Capturing the spirit of a book

When it comes to Jane Austen, I tend to be a purist. I don’t generally care for revisionist retellings. Mansfield Park was a mess of a movie. The writer/director admitted to disliking the book. She didn’t care for what would have been accurate costumes or furnishings so she changed those to suit her (causing a friend of mine to wonder if the Bertrams had gone through bankruptcy proceedings). She didn’t seem to get the point of the story or the characters and the film reflects that. When I hear about filmmakers changing the source material around to make the story “accessible to a modern audience,” I tend to cringe. Does everything have to be dumbed down? There was a highly successful, very faithful miniseries of Pride and Prejudice that managed to reach the masses just fine without turning Elizabeth Bennett into a filthy, shouting wreck, thank you very much.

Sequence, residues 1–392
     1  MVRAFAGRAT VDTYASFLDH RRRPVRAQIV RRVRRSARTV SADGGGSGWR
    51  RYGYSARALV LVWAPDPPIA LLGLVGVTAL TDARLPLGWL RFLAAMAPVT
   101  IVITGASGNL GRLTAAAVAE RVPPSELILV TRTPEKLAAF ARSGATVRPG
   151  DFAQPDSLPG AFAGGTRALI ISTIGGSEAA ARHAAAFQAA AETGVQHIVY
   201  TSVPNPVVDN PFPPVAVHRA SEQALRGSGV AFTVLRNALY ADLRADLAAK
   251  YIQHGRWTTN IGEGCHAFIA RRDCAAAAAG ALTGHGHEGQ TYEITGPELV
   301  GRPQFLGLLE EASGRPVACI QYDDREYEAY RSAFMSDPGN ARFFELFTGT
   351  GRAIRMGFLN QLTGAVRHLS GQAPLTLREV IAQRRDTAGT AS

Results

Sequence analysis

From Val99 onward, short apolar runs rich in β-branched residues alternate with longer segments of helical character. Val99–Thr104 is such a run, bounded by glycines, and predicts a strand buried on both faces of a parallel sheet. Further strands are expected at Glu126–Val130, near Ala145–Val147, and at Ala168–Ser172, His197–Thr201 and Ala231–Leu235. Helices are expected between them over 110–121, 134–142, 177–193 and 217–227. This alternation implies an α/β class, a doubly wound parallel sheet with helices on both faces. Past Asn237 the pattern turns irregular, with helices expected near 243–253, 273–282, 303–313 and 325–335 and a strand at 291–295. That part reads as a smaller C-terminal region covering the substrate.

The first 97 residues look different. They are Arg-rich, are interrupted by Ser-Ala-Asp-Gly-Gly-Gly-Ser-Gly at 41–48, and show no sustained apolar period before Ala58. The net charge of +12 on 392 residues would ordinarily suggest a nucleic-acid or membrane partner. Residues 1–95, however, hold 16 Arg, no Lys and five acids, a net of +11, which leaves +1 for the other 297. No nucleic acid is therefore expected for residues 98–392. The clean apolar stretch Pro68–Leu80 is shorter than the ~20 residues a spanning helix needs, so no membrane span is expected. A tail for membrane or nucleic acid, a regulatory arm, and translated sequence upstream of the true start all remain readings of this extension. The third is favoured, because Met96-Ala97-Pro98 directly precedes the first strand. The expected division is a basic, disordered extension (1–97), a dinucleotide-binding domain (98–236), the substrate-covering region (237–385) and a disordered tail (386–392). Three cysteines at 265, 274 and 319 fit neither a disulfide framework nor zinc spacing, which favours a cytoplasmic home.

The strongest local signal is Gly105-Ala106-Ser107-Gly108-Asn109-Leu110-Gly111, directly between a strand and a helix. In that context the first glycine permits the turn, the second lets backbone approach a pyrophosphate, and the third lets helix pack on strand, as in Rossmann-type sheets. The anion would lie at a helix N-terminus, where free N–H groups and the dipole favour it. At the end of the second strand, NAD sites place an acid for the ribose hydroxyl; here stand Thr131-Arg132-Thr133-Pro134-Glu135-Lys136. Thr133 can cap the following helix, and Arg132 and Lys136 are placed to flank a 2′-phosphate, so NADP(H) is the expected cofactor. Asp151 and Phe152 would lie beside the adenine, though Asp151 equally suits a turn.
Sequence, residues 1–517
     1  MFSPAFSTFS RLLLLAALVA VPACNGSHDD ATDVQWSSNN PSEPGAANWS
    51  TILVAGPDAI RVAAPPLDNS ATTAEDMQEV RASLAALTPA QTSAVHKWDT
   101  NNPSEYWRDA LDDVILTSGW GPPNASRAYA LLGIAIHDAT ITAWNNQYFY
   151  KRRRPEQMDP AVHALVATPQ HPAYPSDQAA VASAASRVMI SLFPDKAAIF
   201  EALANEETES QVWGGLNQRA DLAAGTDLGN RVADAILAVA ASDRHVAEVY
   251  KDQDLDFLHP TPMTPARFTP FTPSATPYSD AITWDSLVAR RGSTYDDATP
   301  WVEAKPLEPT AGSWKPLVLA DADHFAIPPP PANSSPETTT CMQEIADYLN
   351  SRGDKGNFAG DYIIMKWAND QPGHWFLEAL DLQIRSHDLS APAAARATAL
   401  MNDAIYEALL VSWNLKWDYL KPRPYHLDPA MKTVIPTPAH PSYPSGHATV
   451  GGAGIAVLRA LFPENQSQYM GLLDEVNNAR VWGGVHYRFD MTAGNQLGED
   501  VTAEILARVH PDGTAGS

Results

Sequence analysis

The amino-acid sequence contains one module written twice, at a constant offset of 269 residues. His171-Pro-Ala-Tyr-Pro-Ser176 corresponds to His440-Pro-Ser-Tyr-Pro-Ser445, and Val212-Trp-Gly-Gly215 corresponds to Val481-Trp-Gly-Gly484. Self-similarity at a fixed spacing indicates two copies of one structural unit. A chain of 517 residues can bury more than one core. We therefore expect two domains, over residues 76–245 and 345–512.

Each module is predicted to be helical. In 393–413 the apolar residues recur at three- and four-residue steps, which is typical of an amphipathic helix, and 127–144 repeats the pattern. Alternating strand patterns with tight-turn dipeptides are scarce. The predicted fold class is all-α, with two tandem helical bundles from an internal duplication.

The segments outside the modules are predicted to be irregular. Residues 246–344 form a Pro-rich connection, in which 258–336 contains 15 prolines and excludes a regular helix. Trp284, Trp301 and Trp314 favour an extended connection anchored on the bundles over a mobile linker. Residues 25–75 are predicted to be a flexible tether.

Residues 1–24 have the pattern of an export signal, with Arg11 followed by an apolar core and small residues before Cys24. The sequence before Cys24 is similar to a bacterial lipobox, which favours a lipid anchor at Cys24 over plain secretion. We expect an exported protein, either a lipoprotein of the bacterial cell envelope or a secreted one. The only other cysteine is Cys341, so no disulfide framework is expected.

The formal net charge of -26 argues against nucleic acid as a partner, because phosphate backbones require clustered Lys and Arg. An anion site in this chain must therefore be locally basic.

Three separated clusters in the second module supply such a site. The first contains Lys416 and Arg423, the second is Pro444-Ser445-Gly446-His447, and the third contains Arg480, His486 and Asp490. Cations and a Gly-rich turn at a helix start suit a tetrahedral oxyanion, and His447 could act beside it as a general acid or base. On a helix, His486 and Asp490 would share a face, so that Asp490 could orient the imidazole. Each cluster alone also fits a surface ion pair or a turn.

So it was with trepidation that I decided to watch Bride and Prejudice: a Bollywood style retelling of Pride and Prejudice. Darcy is an American hotel mogul. The Bennett sisters are the Bakshi sisters (Jaya, Lalita, Lakhi, and Maya) in India. There are song and dance numbers. Yes, it sounds horrible. No, it doesn’t capture the intricacies of the novel. Mr. Darcy is played by a rather uninspiring and untalented actor. Did I mention the song and dance numbers? But in its own odd way, it is pretty darn faithful to the spirit of the Austen novel. And that’s something to be commended.

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